• Monmouth County has maintained a sentinel chicken program this season. To date, 5 chickens have tested positive for WNV in testing conducted by the Center for Vector-Borne Diseases at the University of Rhode Island.

  • The Division of Fish and Wildlife, Department of Environmental Protection, is also conducting avian and small mammal testing for WNV. To date, the division has tested 36 animals (31 hawks, 1 falcon, 2 owl and 2 gray squirrels), with 27 negative results and 9 tests pending.

Mosquito Testing

  • To date, 318 mosquito pools collected in Atlantic (9), Bergen (64), Burlington (16), Camden (48), Cape May (3), Essex (6), Hudson (8), Hunterdon (7), Mercer (1), Middlesex (24), Monmouth (49), Morris (14), Ocean (6), Passaic (24), Salem (2), Somerset (8), Sussex (7), Union (14), and Warren (8) Counties have tested positive for the presence of WNV. In total, 3,961 mosquito pools have been tested.

  • The U.S. Army Center for Health Promotion and Preventive Medicine-North's testing lab has tested 186 mosquito pools collected on military property in New Jersey. All tests to date have been negative for the presence of WNV.

Horse Testing

  • Equine testing is conducted by the New Jersey Department of Agriculture's animal health laboratory in Trenton and positive results are sent to the National Veterinary Services Lab (NVSL) in Ames, Iowa for confirmation. To date, two horses have tested positive for the presence of WNV. For more information, visit the Department of Agriculture website at

Additional Information & Advisories

  • New Jersey residents can take personal precautions to minimize their WNV exposure risk. Such measures include spraying insect repellent on their clothing and exposed skin in accordance with labeling directions and wearing long sleeved shirts and pants when outdoors. Residents can also curb outdoor activities at dawn, dusk and during the evening. Residents should also eliminate standing water on their own property that can serve as a breeding ground for mosquitoes. Windows screens should also be used and kept in good repair.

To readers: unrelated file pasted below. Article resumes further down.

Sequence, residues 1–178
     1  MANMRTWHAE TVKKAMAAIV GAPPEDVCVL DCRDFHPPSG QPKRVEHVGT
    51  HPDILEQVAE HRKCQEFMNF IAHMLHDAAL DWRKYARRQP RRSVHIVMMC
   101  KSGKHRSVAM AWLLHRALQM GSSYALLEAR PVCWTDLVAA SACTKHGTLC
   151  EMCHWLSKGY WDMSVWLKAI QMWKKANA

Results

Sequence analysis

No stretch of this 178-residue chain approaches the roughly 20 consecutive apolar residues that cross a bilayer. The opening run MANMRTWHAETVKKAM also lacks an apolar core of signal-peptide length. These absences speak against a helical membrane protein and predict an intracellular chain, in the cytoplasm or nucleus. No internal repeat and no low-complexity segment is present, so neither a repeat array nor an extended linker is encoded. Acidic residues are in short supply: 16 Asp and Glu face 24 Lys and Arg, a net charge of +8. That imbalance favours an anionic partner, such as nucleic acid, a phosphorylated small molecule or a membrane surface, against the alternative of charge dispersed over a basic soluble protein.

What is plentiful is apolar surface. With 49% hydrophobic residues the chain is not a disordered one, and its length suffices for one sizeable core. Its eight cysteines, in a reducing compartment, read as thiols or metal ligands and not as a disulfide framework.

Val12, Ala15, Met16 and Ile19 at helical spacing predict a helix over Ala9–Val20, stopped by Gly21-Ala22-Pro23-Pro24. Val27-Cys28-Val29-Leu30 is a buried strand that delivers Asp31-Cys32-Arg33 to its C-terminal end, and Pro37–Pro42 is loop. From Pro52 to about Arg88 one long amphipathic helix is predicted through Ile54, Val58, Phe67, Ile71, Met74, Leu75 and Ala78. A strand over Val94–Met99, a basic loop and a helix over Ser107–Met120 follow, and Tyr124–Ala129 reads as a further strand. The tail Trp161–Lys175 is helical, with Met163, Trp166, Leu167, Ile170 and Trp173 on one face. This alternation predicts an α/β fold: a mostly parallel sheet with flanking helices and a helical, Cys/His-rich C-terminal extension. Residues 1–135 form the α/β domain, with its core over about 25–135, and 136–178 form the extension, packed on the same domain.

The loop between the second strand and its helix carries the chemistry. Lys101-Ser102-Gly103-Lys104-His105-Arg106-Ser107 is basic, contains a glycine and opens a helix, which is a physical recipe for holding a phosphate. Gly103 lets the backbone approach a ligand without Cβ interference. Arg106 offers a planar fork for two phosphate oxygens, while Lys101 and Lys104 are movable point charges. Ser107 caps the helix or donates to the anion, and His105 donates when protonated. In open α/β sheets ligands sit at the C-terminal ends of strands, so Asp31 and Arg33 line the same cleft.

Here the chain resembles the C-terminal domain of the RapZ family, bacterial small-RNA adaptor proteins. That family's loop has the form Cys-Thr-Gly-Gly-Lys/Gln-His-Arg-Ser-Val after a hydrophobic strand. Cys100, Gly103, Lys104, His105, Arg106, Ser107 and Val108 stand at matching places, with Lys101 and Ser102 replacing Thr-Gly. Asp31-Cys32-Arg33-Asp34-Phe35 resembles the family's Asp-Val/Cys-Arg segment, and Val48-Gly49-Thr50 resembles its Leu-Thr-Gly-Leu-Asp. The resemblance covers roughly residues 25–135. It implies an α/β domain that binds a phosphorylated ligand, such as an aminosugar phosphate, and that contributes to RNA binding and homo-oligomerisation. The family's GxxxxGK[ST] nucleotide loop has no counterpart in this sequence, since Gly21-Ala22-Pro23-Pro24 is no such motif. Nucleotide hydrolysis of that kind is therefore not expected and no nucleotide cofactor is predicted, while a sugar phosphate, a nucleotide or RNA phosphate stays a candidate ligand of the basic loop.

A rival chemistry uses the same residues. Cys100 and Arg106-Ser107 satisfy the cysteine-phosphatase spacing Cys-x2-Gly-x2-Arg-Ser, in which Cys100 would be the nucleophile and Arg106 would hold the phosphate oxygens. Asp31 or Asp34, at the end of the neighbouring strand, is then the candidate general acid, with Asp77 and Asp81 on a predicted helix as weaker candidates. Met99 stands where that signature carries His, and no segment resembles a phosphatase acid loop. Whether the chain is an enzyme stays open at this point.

• The West Nile virus, an arboviral disease, is transmitted through the bite of a mosquito that has picked up the virus by feeding on an infected bird. WNV is not directly transmitted from birds to humans or from person to person. WNV infection generally causes no symptoms or just mild, flu-like symptoms; however, the elderly are at higher risk of more severe disease.

  • In 2000, a total of six New Jersey residents became ill and one died due to WNV infection. The virus was also detected in mosquitoes, horses, crows and other birds in 20 of the state's 21 counties. The virus was detected for the first time in the Western Hemisphere in September 1999, in birds found in New York City and Westchester County.

  • New Jersey's WNV surveillance, control and prevention activities involve the coordinated efforts of a number of federal, state and local agencies. These include the New Jersey Departments of Health and Senior Services, Environmental Protection, and Agriculture, the CDC, the State Mosquito Control Commission, the Rutgers Mosquito Research and Control Unit, and local health and mosquito control agencies.

  • For more information on WNV, visit the New Jersey State homepage at and click on West Nile Virus.